Students go to school on the first day of class after summer holiday in Guangzhou on Monday. (Photo: IC)
The Leiyang city government in Central China's Hunan Province proposed plans on Monday to resolve issues related to overcrowded classrooms, which triggered a violent protest this weekend.
The government said it will make sure that the plans won't increase the financial burden on parents or affect students' health.
Parents were enraged that their children were assigned to move out of their homes and attend a boarding school in a move to reduce class sizes. The parents claimed that newly decorated dorms to house the influx of students had toxic fumes.
They were also angry about having to pay additional school fees.
The Leiyang government will invite professional environment assessment institutions to examine the amount of methanal in newly-decorated dormitories in the Leiyang Campus of the High School Attached to Hunan Normal University, and will also invite parents to oversee the tests, Hunan-based news site rednet.cn reported Monday.
The local government also promised that tuition fees charged at new schools will strictly follow the standard of public schools to ensure no extra burdens will be placed on parents, according to the rednet.cn report.
The move came after a protest involving some 600 people outside the Leiyang government buildings on Saturday to protest against an education policy that reduces the class sizes at primary and middle schools. The unintended result of the policy is that children may be reassigned from reputable public schools near their homes to private schools or nearby rural areas, where they must stay in dorms.
Outlawing overcrowded classrooms at primary and middle schools is a national education policy, laid out in a government work report in March 2018. Chen Baosheng, minister of education, asked administrators to "basically eliminate" overcrowded classrooms with more than 66 students by the end of 2018, and to eliminate overcrowded classrooms with more than 56 students by 2020, the Beijing News reported on March 16.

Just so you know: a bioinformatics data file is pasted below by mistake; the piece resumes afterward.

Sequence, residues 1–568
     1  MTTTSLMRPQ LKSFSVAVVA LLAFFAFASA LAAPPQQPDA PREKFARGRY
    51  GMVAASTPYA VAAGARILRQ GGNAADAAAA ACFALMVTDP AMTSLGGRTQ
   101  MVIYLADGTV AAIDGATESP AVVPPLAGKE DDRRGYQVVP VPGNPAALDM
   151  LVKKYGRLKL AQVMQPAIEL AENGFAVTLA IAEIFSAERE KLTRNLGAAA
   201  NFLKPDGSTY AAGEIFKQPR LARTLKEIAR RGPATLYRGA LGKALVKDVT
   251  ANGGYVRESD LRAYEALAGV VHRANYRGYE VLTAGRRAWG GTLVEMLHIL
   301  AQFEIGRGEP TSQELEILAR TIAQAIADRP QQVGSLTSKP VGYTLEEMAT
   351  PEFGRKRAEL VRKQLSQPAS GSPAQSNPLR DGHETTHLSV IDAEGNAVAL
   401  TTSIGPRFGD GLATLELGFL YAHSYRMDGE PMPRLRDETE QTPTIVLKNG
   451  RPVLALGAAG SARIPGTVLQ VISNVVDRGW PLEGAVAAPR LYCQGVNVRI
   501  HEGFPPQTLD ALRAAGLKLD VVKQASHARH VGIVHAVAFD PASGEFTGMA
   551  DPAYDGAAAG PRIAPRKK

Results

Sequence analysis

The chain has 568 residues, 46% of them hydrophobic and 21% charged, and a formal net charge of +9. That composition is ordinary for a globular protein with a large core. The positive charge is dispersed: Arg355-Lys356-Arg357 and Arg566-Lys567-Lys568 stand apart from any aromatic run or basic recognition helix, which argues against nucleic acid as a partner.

Protests turn violent
The protest was triggered by parents' claims that there was excessive methanal gas in the dormitories at the Leiyang Campus of the High School Attached to Hunan Normal University, a private boarding school which received local public primary school students to reduce overcrowding.
Online videos showed that hundreds of people, including juveniles and adults, clashed with police in uniforms with shields on Saturday in Leiyang. In one of the unverified videos, a protestor shouted, "I want to attend public schools" and "Give back my school!"
The protest turned violent with police arresting 46 people that night. Protesters hurled bricks, firecrackers and gasoline bottles, injuring 30 during the standoff, Leiyang police said on its Weibo account on Sunday.
Zeng, the grandfather of a middle-school girl who has been assigned to the Leiyang Campus of the High School Attached to Hunan Normal University, told the Global Times on Monday that local government officials talked to the students' parents on Monday, and they have properly dealt with the issue.
"Now with the intervention of the government, several types of costs have been exempted and more are under negotiation," Zeng said.
He explained that the school no longer required parents to buy bedding or school uniforms, and water and power bills for students living in the dormitory have been exempted.
Local parents' opposition against the plan to allocate students to other schools started four months ago. According to the WeChat account of local media outlet Laiyang Shijie, more than 7,000 of the total 8,000 parents surveyed by the media in May said that they were opposed to the plan to move their children to a private boarding school, because they had concerns about expenses and their children's safety.
The bureau said the school will assign teachers to guarantee the safety of the students, and those students' previous teachers at public schools will also be transferred to the new boarding school.
Chu Zhaohui, a research fellow at the National Institute of Education Sciences, told the Global Times that overcrowding in classrooms in urban areas is caused by unbalanced education resources in urban and rural areas.
"To solve the overcrowded classrooms issue, local government should improve the education resources available to rural and private schools. Simply issuing administrative orders cannot help," Chu said.
"Recently, Chinese citizens also voiced dissatisfactions over healthcare, which showed that Chinese citizens' public awareness has increased. And it requires government to adapt to public oversight to improve its governance," Chu said.